quick-quick-obey

From the first chiming chord, it rapidly becomes clear that Danish quartet of dreamers Quick Quick Obey may well be the spiritual successors of John Hughes at his peak. No, really.

OK, OK – perhaps not everyone loves Hughes’ teen movies like The Breakfast Club, Pretty In Pink or Ferris Bueller’s Day Off as much as we do, but they are indisputably some of the best loved and most iconic films of all time – not just for their rad 80s fashion, but for how they tapped into the anxieties and frustrations of that period of life, and then soundtracked them to absolute perfection. It wasn’t the plots of John Hughes’ teen movies which made them resonate, it was just that there was something there – that aching feeling of yearning for the time when your ‘real’ life was supposed to begin but being absolutely terrified of it at the same time. Feeling like you’re looking at your own life from a quarter turn to the left, and even though everything’s in the same place, it doesn’t feel like yours anymore.

This, paired with crystalline synths courtesy of New Order or the Dream Academy, proved a dynamite combination, and generations of teens in subsequent decades still find a little of themselves there, adrift in that intangible ache, which is so hard to accurately express, but is present in all Hughes’ best works. That same, resonant feeling and perfect musical match is chiming out here in ‘Hourglass’, as clear as church bells.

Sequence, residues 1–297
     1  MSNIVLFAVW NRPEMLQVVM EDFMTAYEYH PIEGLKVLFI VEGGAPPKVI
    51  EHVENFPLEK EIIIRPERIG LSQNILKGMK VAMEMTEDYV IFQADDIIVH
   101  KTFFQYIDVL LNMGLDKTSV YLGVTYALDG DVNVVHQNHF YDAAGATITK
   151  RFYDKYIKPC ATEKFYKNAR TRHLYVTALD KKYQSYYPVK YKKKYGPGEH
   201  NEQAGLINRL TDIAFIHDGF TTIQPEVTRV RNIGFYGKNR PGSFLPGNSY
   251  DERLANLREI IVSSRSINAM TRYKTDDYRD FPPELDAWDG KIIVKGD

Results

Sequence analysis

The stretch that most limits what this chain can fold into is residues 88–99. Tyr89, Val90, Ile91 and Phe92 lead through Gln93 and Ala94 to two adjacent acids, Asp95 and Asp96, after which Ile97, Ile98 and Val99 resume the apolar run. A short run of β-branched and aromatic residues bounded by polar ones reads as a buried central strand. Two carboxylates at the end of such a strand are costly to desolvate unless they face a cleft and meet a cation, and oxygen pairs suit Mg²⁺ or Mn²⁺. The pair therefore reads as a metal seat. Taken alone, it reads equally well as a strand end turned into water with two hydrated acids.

Lead vocalist Nikolaj Poulsen explains: “It’s a song about entering adulthood; about being a romantic, a nostalgic and not fitting in to one’s own generation. The hourglass is a symbol of trying to contain something as abstract as time – and as love – and the up’s and down’s that come with each turn.”

This beautifully explored sentiment in ‘Hourglass’ is styled in shimmering 80s-style production, and elevated by stadium capacity reverb. It’s lofty, sweetly naïve and sentimental, but there’s a flush-cheeked honesty to it that’s so endearing, ‘Hourglass’ is hard to resist. The nostalgic style of delivery gives it almost a déjà vu kind of familiarity, but it’s not that you’ve heard it before, it’s more that ‘Hourglass’ hangs on the kind of melody which lingers with you for hours after listening, a resonant memory to carry with you, wherever you happen to be going, at whatever stage in your life you happen to find yourself at.

‘Hourglass’ will be released on October 7th via Antiphonics and is the first taster from Quick Quick Obey’s forthcoming second album – take a listen below.

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